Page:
A blog on issues affecting Australia's newsagents, media and small business generally.

Strong diary sales in the newsagency already

2022 is set to be a busy year if diary sales are anything to go off. We have had diaries out for a few weeks and sales are ahead of 2020 and the all important 2019 (given that last year was odd). Like, way ahead.

Like many newsagents, we have a good range, which we are pitching mid way into the store. We have done a bit on social media but not much. I mention this to note that diary sales are primarily to people seeking them out.

Even though our general stationery sales are way down, because we have ranged that department to be that way, diaries are a focus because they connect with other categories and because they make good gifts. We pitch them this way, too … as gifts and connected with other categories such as journals, notebooks and similar.

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Diaries

Should retailers take a stand on vaxxed or unvaxxed in their shop?

There was noise on social media this week when some retailers said they would welcome anyone to their business, vaxxed or unvaxxed.

Vaccination is a vexed (sorry) issue. You’re damned if you speak up and damned if you do not.

I can understand retailers say they welcome anyone as it presents as inclusive. I can also understand retailers saying they prefer shoppers to be vaccinated, especially if they have family and loved-ones who for some reason cannot currently be vaccinated.

While I am not a fan of fence-sitting, I think with this issue we are better off saying nothing because saying something will attract fringe-dwellers and these folks can be demanding, nasty and distracting. I know a retailer who said anyone is welcome and then found tribes of fringe dwellers on their social media doorstep.

By all means have a view for yourself and those who work in the business as it is your workplace and you have obligations. However, I don’t see how that can extend to customers when the government itself does not have a view.

For sure I want everyone who can to be vaccinated, and urgently. If I was in government with the authority, I’d try and find a way to force that, for the health and safety of the community. I’d tie it to some funding or benefit, as happens already in child care. But, I am not in government and owning a shop does not give me the right to dictate what my customers believe, no matter how much I see my shop as my little kingdom.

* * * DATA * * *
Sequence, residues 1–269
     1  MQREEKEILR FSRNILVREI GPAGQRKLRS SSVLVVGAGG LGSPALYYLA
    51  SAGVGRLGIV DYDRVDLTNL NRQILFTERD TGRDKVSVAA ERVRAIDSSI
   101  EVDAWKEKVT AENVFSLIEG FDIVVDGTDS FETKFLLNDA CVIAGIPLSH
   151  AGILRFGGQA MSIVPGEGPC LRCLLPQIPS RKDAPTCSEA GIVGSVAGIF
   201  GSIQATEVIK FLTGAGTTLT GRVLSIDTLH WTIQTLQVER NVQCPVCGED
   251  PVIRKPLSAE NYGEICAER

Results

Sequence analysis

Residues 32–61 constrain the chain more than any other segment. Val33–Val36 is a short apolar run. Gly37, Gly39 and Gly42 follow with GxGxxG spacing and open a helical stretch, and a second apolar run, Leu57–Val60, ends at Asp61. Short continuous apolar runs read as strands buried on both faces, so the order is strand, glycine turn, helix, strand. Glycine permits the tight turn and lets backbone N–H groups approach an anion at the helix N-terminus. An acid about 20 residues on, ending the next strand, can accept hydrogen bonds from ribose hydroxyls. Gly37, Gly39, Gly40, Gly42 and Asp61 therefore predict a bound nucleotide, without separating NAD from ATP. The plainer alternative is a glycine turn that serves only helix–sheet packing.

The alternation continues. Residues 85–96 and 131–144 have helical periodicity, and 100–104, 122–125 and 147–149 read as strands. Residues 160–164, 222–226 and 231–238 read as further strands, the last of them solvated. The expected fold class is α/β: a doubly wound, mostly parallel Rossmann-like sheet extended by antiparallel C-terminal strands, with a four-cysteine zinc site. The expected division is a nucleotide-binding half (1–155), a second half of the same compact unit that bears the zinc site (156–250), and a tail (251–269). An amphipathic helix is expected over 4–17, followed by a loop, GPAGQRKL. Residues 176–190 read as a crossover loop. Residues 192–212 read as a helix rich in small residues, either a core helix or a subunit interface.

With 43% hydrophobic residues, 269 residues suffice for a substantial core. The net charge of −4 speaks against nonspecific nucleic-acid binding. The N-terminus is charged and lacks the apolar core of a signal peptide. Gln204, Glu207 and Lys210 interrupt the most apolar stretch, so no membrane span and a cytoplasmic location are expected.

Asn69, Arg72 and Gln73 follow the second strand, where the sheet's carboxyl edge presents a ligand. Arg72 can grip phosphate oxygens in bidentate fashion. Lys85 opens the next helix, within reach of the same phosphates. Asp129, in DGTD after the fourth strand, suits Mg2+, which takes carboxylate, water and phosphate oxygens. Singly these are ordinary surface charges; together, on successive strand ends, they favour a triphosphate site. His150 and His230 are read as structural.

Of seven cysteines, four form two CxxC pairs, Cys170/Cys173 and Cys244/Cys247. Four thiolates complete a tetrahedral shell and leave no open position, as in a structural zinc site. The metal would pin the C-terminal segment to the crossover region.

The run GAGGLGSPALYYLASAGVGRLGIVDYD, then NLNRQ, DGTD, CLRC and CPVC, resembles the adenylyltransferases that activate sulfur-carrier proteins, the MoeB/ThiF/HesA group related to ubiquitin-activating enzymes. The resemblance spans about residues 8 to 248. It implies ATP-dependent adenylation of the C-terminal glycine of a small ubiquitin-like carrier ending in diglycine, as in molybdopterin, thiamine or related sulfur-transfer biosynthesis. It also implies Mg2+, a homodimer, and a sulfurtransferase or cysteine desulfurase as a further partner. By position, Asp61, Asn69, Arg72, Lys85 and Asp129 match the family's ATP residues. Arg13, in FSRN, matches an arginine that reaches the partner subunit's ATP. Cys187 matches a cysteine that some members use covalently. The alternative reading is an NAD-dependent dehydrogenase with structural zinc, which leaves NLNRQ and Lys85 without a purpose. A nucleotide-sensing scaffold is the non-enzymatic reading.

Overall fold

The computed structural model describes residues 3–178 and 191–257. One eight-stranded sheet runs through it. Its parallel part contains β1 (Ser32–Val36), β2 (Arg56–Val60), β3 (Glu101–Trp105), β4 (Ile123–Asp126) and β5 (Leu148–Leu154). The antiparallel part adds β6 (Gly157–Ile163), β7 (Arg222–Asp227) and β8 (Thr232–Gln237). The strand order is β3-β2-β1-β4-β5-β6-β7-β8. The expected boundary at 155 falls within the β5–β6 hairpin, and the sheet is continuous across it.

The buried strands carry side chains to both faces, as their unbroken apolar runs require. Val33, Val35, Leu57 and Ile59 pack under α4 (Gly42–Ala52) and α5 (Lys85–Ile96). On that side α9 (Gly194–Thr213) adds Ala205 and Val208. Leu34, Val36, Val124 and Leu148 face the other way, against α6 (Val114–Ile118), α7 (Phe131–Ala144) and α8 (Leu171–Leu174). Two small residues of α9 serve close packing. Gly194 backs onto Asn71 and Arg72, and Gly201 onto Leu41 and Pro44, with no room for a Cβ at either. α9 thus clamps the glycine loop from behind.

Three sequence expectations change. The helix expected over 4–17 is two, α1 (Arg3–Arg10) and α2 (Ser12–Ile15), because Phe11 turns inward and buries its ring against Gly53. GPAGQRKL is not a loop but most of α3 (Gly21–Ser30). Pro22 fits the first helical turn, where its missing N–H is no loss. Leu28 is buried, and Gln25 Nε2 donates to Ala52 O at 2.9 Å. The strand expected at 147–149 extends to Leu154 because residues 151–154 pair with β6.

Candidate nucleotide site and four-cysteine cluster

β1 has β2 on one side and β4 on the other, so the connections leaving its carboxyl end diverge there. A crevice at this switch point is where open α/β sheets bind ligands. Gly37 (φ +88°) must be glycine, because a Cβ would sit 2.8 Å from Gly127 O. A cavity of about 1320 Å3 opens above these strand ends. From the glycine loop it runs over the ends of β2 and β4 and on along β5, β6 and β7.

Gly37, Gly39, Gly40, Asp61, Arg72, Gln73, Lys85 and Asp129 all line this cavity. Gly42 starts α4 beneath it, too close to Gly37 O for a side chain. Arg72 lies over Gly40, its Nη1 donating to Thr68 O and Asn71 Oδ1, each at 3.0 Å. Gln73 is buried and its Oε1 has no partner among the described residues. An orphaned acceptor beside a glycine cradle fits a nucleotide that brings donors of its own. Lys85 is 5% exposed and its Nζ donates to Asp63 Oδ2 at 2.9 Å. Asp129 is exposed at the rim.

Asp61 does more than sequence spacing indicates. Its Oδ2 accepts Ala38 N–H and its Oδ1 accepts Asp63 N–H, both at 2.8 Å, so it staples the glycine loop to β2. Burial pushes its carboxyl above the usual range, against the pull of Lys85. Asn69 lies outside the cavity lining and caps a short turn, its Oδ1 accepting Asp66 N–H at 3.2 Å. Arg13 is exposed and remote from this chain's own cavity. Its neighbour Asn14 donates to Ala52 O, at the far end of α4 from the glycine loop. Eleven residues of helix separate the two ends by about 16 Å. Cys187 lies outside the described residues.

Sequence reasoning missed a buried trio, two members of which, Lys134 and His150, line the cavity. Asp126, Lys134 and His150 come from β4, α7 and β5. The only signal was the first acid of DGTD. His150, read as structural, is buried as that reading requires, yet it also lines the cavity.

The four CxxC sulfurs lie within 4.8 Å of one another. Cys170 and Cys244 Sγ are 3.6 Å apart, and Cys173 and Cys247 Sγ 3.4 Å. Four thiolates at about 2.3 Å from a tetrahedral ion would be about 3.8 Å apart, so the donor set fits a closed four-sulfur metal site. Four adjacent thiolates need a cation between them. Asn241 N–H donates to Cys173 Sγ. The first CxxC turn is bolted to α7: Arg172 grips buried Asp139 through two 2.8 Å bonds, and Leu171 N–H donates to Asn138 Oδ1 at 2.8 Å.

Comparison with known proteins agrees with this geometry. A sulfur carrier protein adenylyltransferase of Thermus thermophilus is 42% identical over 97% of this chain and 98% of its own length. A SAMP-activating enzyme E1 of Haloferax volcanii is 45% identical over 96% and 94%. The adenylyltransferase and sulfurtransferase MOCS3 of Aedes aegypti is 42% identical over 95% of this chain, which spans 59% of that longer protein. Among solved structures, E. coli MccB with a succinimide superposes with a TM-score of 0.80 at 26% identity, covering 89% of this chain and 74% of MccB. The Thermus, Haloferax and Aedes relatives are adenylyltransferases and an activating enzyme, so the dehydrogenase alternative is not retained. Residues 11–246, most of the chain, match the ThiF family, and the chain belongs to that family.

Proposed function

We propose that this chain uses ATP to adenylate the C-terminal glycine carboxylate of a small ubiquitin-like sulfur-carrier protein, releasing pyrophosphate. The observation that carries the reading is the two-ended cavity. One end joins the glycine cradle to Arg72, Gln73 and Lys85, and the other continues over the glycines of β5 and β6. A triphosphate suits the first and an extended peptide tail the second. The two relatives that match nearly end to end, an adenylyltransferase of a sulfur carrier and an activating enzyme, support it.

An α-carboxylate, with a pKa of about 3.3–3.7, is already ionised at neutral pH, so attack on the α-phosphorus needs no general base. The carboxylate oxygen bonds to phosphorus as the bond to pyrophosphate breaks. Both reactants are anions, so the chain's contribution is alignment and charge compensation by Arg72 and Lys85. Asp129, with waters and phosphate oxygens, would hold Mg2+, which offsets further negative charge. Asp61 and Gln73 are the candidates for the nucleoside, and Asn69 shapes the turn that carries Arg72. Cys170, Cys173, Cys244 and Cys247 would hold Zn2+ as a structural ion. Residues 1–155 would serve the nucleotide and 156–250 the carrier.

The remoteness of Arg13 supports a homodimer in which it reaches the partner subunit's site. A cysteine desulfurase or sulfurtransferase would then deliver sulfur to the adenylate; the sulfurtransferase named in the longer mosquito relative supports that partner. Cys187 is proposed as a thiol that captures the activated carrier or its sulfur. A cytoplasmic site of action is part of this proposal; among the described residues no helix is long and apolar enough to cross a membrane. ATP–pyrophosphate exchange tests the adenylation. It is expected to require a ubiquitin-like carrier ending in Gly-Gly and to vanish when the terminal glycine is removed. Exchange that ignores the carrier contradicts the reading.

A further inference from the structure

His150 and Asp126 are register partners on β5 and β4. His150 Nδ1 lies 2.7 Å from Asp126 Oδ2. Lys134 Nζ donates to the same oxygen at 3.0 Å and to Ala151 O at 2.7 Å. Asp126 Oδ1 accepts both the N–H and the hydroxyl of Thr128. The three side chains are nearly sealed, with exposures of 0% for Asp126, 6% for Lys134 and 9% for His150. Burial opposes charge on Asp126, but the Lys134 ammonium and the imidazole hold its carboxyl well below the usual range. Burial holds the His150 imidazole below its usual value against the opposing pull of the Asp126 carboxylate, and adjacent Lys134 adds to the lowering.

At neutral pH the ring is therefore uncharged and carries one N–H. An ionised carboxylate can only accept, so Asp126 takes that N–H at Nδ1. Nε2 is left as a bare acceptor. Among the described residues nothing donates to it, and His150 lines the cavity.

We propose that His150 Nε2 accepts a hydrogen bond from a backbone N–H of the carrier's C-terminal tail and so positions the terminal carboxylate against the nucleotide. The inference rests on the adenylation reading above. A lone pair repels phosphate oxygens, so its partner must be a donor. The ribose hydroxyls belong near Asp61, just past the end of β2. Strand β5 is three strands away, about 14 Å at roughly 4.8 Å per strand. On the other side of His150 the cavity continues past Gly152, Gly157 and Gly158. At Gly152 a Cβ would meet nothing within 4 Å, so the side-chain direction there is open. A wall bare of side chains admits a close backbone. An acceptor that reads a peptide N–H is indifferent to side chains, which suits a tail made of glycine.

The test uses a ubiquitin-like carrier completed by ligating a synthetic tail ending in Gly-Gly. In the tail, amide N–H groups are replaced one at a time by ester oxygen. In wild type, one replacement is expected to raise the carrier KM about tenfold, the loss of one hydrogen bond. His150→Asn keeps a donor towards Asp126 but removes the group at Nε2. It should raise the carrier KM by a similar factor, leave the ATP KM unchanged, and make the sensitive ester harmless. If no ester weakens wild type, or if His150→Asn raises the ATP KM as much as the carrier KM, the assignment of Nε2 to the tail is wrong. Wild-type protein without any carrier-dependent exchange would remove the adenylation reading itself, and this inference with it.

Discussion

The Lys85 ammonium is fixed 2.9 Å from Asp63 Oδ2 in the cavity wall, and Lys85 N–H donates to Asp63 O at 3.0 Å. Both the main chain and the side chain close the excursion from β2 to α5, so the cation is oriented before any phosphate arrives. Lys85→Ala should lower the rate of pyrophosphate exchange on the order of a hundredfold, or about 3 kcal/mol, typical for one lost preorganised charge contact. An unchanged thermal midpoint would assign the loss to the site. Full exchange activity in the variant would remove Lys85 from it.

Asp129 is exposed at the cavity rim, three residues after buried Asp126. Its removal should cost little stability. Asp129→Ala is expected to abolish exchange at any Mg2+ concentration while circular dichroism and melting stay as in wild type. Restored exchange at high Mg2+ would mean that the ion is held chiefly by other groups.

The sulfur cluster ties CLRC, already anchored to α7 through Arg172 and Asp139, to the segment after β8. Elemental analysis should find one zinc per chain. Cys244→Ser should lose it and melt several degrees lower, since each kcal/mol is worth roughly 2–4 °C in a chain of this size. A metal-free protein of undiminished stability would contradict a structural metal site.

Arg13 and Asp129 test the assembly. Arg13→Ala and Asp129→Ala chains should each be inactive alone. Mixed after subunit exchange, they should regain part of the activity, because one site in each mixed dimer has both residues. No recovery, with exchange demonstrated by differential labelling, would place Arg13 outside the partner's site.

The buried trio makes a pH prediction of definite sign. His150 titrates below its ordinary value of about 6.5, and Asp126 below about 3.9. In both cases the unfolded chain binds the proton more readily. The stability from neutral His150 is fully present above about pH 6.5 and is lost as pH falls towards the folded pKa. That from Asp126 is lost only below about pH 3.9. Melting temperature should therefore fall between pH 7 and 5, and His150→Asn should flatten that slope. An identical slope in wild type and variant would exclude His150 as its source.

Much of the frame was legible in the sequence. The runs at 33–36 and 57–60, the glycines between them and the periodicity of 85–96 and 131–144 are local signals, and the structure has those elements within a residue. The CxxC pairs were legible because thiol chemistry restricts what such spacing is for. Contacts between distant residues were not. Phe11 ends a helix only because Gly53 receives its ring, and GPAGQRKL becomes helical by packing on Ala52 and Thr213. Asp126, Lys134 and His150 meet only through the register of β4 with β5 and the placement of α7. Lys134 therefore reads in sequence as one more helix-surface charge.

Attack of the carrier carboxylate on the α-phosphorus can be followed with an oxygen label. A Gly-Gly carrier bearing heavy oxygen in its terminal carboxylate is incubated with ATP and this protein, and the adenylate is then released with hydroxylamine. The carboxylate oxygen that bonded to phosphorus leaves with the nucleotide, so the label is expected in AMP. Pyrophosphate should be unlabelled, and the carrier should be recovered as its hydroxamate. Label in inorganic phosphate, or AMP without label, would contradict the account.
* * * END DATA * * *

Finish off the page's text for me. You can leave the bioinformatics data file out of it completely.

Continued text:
So, for me, I’ll have my wish and hope that everyone who can gets vaccinated while, at the same time, serving anyone who comes into the shop. And, while doing this, the shop will remain clean, happy and as Covid safe as possible with masks, hand sanitiser, free face masks and the other steps in place that have kept us safe and trading so far.

Covid has a long long way to go I think. This vaxxed and unvaxxed can shop here pitch is another pot-hole on the road that, when we look back on it, will be a small distraction.

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Ethics

Berejiklian leadership failure by cancelling Covid press conferences

For weeks now the premier of NSW, Gladys Berejiklian has been warning that the Covid situation is expected to peak in early October, that this is when the hospital system will be under the most stress.

This morning, the Premier announced that she and her political colleagues will no longer run daily Covid press conferences.

This is an appalling decision in my opinion. Cutting opportunity for scrutiny at the time it is most needed speaks volumes and crushes trust. The decision also sends the message that infection is no longer the story, opening it up to people to be less vigilant.

The NSW state government failed to appropriately deal with the latest Covid outbreak. Their decisions relating to reducing infection were weak, late and not backed with appropriate regulations and infrastructure. These failures let Covid infections increase – landing NSW where it is today, with an outbreak at a point that the government appears unable, or unwilling, to control.

Even yesterday, when the Premier was announcing plans to open up, she made it clear that local businesses would have to do the heavy lifting to check Covid vaccine status if they wanted to trade. This is yet another pass of of the buck by a government that is a master of abrogating responsibility.

It is right at this point, at the expected peak of Covid infection rate and hospitalisation, that people in the community crave leadership, they crave faith that it will be okay at some point in the future we can see. But, rather than provide that leadership, the Premier of NSW has decided, for some reason, to go into hiding.

The announcement today will negatively impact community confidence, consumer confidence. It also reduces the opportunity for scrutiny, which weakens democracy. This announcement today is bad for business. I am surprised that the Premier and her cabinet don’t see or understand this.

Right now, confidence is fragile. It needs support, from political and community leaders, for it is this confidence that fuels economic activity.

With the Premier Berejiklian and her state government going into hiding, it will be up to local small business more than ever to comfort and lead, through offering safe and easy shopping, connecting with the local community and helping keeping the wheels of commerce flowing. I see so many local small business retailers doing this every day. They should be proud of their service and the comfort this provides.

The announcement today by the NSW Premier to reduce opportunity for scrutiny would usually be ripped apart by news outlets. I have my doubts that will happen given the lobbying role News Corp and Nine Media outlets seem to play for the conservative side of politics.